This was written by Niall MacKinnon who is a Scottish school principal Niall MacKinnon highlights the need for rigorous GERM infection control measures in education reform programs. You can read Niall MacKinnon's extended version on this article here.
By Niall MacKinnon
In his speech to the Scottish Learning Festival this September, cabinet secretary Michael Russell claimed that GERM is not for Scotland. The Global Education Reform Movement is a concept of Finnish educationalist Pasi Sahlberg, presented in his recent book Finnish Lessons. The features of GERM are standardizing teaching and learning, a focus on literacy and numeracy, teaching a prescribed curriculum, management models from the corporate world and test-based accountability and control.
Scotland’s recent tightly controlled educational landscape of attainment targets, performance indicators and inspection judgements was an example of GERM. But Curriculum for Excellence (CfE) opened up a different pathway in the central “four capacities” concept, emphasizing and integrating wider focuses of linkage and personal development in revisioning pedagogy. CfE showed close affinity with the Finnish Way, outlined by Sahlberg as the antidote to GERM. Finland encouraged risk-taking, learning from the past, owning innovations, shared responsibility and trust through professional dialogue. A central feature of decluttering for CfE was to focus on innovative approaches, emphasizing practice innovation and local professionalism, termed ‘building the curriculum’.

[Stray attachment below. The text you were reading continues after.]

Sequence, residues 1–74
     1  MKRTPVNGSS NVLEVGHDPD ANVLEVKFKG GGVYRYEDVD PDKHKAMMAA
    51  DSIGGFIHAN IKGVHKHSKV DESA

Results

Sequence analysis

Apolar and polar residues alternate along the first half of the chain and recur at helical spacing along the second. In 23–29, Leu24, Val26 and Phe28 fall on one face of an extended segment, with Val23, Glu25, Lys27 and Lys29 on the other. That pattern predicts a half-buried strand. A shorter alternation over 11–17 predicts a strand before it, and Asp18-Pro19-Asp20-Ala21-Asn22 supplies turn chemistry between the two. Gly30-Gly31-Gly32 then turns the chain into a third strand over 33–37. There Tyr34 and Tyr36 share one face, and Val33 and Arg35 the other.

But just as this was coming together, linking proactive innovation, evaluation, and school systems to CfE, it fell apart. This was because of layers of prescription to different performance criteria in new multiple audit schedules, inspection templates and standards and quality reporting, to non-CfE criteria. The main emphasis was not exploring pedagogy, but micro-specification to serve the needs of external control and standardized calibration of schools. Then came hundreds of “Es and Os” (experiences and outcomes) as a curriculum specification ‘painting by numbers’ kit. CfE was further lashed down to seven “required characteristics of successful implementation” framed in a product model of curriculum, delivery model of schooling and behaviorist model of audit. Self-evaluation split two ways, one as evaluation taking the concepts, principles and purposes, applying them evidentially yet discursively – GERM-free. The other, calibrating audit prescription to fixed, outdated notions and applying these in absolutist terms – GERM. This set up a huge conflict within CfE in Scotland, one which Sahlberg took from me in the chapter defining GERM in Finnish Lessons: